Domiciliary oxygen for interstitial lung disease

Oxygen therapy is used to treat patients with interstitial lung disease (ILD) with low arterial blood oxygen levels. This review evaluated the effect of domiciliary long-term oxygen therapy on survival and quality of life in patients with ILD. Only one randomized controlled trial was identified. This unpublished study reported that long-term oxygen therapy did not improve survival compared with no oxygen therapy in patients with ILD. No data on quality of life was available.

Authors' conclusions: 

The assumption that home oxygen therapy has a beneficial survival effect in patients with ILD has not been demonstrated in the single RCT identified.

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Background:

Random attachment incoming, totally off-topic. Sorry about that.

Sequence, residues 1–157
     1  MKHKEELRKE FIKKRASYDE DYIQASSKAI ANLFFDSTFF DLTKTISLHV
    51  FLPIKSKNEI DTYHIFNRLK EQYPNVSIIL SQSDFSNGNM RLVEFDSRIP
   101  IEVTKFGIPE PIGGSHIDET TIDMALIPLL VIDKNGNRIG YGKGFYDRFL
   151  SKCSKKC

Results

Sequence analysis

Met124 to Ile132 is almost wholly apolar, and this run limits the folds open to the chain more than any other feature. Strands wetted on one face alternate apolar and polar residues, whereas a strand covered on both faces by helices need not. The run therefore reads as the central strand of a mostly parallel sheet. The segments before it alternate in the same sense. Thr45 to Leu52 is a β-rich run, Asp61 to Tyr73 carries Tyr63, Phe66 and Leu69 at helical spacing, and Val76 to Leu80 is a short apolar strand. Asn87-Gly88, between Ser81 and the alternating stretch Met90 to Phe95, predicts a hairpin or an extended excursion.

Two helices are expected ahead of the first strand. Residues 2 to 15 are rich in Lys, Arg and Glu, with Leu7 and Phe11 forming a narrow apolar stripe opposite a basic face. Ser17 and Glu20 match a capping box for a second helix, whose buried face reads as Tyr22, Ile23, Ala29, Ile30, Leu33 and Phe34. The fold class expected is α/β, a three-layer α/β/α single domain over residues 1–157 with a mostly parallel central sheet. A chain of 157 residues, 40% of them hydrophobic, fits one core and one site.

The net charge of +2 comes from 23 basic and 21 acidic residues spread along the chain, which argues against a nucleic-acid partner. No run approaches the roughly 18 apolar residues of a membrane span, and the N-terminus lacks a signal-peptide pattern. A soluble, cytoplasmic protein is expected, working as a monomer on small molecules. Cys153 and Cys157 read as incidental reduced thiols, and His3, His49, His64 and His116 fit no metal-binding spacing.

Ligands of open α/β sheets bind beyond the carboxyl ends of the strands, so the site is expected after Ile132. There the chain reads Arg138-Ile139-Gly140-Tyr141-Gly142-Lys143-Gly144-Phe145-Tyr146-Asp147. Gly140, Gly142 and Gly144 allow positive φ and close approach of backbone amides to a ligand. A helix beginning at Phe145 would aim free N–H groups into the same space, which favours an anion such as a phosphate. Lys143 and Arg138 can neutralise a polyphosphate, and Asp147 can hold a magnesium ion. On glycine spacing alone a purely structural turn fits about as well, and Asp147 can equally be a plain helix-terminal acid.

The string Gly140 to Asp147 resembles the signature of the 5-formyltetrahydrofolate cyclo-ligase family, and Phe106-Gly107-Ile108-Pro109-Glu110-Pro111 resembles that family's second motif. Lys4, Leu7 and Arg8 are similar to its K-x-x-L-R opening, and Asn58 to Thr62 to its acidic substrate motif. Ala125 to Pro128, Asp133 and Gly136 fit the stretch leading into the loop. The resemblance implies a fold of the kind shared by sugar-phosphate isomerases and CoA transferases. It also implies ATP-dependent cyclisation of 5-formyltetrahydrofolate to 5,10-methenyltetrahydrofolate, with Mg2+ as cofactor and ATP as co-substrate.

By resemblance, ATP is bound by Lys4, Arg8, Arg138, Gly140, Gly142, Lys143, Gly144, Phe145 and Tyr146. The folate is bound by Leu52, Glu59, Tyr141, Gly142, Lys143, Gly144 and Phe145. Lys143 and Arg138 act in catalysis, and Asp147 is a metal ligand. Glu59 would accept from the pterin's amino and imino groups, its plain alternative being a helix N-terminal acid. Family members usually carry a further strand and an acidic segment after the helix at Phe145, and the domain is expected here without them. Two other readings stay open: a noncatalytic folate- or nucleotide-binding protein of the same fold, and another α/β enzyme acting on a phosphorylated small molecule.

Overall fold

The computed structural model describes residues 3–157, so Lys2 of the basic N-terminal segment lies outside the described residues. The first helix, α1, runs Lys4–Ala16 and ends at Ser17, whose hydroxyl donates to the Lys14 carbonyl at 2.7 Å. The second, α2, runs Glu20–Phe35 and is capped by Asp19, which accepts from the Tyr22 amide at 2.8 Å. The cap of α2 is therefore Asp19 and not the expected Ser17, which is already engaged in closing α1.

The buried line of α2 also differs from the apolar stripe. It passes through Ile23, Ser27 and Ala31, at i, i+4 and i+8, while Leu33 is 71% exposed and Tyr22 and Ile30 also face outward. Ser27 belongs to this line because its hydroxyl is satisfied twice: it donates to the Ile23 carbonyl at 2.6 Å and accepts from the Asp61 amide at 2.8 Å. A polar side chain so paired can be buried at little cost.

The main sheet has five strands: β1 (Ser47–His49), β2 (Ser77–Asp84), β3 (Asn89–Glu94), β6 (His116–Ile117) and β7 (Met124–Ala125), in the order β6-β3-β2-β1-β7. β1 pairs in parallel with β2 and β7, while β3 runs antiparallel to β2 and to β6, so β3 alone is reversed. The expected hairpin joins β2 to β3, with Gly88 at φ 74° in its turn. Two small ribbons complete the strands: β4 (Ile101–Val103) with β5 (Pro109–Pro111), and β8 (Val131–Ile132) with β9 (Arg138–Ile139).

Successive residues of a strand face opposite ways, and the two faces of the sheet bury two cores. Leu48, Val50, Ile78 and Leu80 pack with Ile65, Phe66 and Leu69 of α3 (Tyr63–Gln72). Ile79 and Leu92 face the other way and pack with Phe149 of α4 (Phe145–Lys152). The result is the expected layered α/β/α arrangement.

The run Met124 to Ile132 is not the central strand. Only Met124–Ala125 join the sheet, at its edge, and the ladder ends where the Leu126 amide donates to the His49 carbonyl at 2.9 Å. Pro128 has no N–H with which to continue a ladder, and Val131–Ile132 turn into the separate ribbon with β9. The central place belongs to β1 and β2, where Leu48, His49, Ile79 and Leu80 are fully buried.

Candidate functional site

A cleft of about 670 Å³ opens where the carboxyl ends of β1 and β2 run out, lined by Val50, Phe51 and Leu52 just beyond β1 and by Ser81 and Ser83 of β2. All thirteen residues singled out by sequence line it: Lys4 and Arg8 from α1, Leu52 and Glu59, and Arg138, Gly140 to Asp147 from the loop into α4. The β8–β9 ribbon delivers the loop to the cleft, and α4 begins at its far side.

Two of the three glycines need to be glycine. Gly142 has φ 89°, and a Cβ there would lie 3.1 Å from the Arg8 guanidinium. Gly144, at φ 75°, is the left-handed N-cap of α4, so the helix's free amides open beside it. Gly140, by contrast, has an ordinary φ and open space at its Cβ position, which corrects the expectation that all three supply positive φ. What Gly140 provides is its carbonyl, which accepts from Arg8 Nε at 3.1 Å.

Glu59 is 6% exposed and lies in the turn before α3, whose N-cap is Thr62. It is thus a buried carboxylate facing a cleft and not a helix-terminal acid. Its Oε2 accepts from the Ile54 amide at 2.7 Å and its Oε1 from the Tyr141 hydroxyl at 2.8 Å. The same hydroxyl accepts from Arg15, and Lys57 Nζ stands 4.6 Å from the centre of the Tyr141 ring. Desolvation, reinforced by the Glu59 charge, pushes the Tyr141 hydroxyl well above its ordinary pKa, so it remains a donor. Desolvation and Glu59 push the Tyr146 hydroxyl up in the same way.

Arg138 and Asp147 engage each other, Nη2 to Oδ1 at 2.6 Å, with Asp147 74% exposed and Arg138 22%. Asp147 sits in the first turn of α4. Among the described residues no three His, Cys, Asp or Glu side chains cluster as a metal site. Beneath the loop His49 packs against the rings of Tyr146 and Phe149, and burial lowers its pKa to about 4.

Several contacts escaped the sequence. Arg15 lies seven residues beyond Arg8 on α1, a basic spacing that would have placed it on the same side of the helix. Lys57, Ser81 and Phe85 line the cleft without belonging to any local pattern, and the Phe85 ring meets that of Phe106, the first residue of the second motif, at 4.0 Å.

Retrospective survival data have suggested poor effectiveness of oxygen therapy in patients with interstitial lung disease (ILD).

Objectives: 

To determine the effect of domiciliary oxygen therapy on survival and quality of life in patients with a diagnosis of ILD and hypoxaemia.

Search strategy: 

Randomized Controlled Trials (RCTs) were identified from searches of the Airways Group Specialised Register, CENTRAL, MEDLINE and EMBASE. Searches were current as of October 2010. No language restrictions were applied.

Selection criteria: 

Any randomized controlled trial (RCT) in adult patients with hypoxaemia and ILD that compared long term domiciliary or home oxygen therapy with a control group.

Data collection and analysis: 

Studies were assessed by two authors. Data were entered into Review Manager 5 and analysed.

Main results: 

Only one trial met the eligibility criteria of the review. Mortality for both the oxygen treated and control groups was approximately 91% after three years (Peto odds ratio 0.99, 95% confidence intervals 0.16 to 6.26). The effect of oxygen therapy on quality of life and physiological parameters was not reported.

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